The air pollution in childhood tied to schizophrenia

In the child and the adult, exposure to short and long term to the pollution of the air ambient can affect their health. On the topic, the world health Organization (WHO) is in the first place to guard against the risk of ischemic heart disease, STROKE, chronic obstructive pulmonary disease (COPD), acute infections of the lower respiratory tract gold lung cancer. Purpose on the occasion of the world environment Day in 2019, its experts have made it clear that ” new elements of evidence point to other effects, such as diabetes, problems of neurological development in children and neurodegenerative diseases in adults “.

A new study conducted by researchers from the university of Aarhus (Denmark) and published in the scientific journal JAMA Network Open shows once again that air pollution affects the physical health but also mental health. The latter, which combines genetic data with data on air pollution, shows that children who are exposed to a high level of air pollution during their growth have an increased risk of developing schizophrenia. As explained by the Inserm, he is a psychiatric illness characterized by a set of symptoms very variable, of which the most impressive are the delusions and hallucinations.

One risk related to emissions of nitrogen dioxide

The organisation indicates that schizophrenia is a complex disease whose occurrence depends on the presence of genetic elements and environmental factors. According to him, ” the actual weight of the environmental factors is still poorly known, but the work suggest some elements influencing the development of the brain could lead to a risk of developing schizophrenia. “The researchers wanted to answer this question : how the combination of the exposure of children to nitrogen dioxide, whose emissions are mainly from combustion, and the genetic liability to schizophrenia is associated with the risk of developing it ?

Their study included 23 355 people who were followed from their 10 years until their emigration, death, the end of the study, or in the event of hospitalization for schizophrenia : this was the case for 3 of the 531 of them. The results showed that the higher the level of pollution of the air is, the higher the risk of schizophrenia is also high. For each increase of 10 µg / m3, the risk increases to approximately 20%. “Children exposed to an average rate higher than 25 µg/m3 have 60% additional risk of be suffering from the condition, compared with those exposed to concentrations below 10 µg/m3. “says the Pr Henriette Thisted Horsdal, main author of the study.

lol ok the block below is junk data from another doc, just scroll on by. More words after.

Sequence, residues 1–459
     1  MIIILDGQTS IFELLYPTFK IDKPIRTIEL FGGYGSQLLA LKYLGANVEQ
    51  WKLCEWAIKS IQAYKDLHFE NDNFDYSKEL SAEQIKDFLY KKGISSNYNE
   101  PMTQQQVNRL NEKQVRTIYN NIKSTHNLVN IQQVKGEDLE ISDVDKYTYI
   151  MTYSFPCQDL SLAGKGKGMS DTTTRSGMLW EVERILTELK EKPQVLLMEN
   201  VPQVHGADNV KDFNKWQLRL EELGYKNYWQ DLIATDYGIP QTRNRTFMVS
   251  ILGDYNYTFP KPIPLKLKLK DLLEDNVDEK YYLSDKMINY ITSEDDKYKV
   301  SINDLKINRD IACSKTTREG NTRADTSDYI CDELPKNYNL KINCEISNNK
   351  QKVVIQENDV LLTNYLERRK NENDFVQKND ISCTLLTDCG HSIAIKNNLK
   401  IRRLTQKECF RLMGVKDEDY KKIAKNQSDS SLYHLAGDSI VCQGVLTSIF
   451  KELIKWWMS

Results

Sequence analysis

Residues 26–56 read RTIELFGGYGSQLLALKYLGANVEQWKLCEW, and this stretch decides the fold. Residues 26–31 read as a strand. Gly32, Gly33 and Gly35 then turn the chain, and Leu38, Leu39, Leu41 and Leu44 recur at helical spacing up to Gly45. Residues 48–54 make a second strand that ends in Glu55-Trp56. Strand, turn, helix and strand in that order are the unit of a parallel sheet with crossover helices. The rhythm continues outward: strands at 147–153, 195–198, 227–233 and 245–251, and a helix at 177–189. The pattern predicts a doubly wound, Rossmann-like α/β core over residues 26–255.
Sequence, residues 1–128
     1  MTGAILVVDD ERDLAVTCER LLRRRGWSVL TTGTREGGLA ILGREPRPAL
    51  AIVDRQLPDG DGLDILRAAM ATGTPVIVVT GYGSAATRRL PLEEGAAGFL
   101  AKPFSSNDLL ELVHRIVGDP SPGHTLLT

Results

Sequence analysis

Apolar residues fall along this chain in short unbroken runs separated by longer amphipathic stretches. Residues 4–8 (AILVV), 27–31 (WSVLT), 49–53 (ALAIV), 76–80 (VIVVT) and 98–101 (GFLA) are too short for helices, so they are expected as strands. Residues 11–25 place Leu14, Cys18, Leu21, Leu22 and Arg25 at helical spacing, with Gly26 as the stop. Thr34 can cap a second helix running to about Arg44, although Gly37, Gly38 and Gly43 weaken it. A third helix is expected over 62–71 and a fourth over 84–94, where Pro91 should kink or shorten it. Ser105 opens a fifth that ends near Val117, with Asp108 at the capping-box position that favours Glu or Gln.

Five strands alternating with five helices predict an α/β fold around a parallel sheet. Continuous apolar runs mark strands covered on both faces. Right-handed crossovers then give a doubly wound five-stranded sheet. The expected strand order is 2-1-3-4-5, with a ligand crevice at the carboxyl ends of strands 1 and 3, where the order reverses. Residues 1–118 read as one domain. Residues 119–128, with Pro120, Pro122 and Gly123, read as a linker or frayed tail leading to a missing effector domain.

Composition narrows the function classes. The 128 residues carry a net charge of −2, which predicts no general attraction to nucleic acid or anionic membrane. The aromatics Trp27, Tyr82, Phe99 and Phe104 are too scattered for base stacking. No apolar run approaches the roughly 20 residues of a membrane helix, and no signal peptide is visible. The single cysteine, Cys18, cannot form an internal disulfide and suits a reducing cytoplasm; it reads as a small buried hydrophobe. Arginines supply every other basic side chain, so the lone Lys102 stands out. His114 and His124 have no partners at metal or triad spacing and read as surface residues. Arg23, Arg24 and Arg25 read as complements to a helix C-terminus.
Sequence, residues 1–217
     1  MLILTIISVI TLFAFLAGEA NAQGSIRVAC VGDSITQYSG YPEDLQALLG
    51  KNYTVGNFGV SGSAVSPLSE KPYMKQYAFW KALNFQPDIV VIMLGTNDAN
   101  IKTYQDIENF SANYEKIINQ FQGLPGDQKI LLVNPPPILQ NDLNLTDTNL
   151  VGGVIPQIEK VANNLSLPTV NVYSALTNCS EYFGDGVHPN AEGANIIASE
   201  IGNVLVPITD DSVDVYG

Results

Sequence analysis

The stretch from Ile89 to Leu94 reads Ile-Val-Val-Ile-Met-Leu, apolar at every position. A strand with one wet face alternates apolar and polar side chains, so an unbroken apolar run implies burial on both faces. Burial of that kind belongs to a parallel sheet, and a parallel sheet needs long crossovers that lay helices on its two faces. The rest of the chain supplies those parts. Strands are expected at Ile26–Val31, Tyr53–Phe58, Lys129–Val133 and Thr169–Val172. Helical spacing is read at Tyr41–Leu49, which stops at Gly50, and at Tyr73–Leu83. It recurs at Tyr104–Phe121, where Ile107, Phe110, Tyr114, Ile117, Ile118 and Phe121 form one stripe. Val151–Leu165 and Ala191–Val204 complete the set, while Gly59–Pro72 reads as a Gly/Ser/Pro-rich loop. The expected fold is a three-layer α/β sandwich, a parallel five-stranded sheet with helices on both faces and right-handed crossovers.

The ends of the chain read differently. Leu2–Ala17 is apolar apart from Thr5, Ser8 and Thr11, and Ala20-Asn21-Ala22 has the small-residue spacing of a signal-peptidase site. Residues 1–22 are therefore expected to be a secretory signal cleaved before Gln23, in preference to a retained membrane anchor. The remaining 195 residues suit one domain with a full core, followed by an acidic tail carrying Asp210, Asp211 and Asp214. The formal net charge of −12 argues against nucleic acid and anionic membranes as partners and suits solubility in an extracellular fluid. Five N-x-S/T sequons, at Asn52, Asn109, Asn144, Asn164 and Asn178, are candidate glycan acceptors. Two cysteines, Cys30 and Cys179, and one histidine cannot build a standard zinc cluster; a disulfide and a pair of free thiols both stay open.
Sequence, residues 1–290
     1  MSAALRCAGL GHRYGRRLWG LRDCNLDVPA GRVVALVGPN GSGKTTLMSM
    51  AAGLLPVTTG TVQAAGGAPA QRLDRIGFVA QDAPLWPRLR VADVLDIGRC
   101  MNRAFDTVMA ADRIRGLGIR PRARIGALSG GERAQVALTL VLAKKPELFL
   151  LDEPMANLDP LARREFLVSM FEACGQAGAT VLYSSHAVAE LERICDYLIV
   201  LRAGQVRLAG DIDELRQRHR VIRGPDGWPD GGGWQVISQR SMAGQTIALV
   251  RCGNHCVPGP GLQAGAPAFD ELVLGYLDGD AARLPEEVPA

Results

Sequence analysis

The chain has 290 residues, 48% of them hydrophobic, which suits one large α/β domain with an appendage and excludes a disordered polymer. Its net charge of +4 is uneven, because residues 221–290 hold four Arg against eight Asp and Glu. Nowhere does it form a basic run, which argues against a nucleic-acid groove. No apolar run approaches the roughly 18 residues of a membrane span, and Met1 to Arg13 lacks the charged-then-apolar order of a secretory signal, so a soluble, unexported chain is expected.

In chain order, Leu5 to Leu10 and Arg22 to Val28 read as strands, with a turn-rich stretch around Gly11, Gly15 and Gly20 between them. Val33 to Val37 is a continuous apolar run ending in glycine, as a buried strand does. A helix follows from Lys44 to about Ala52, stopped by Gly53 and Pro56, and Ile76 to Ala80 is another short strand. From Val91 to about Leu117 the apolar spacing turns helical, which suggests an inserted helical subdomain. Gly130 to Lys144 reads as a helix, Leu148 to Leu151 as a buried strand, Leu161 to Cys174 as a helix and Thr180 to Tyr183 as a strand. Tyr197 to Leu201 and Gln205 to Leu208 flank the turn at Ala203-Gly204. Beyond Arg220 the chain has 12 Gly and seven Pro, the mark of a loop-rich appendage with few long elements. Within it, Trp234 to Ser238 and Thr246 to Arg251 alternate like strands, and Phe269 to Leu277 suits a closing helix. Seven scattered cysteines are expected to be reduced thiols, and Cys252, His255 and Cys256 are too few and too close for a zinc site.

Year inflammation caused in the brain

To put these figures in perspective, the researchers said that the average risk of developing schizophrenia is about 2%. For people exposed to a low level of air pollution, this average has remained virtually the same, while the risk for people exposed chronically to a high level of air pollution is about 3%. But they indicated although the pollution is not the only risk factor with a strong impact, since a genetic predisposition to the disease is as important a factor. However, two elements are indeed independent of one another, take into to clarify.

Thus, “the association between air pollution and schizophrenia cannot be explained by a genetic liability is higher in people who grow up in areas with high air pollution,” adds professor Henriette Thisted Horsdal. If other work must be carried out in this field, the science team hypothesizes that a biological mechanism is involved. For example, the air pollutants could potentially cause inflammation of the tissues of the nervous system, oxidative stress, or a disruption of the blood-brain barrier. It should be noted that according to the estimates of Unicef, 300 million children in the world breathe air toxic.

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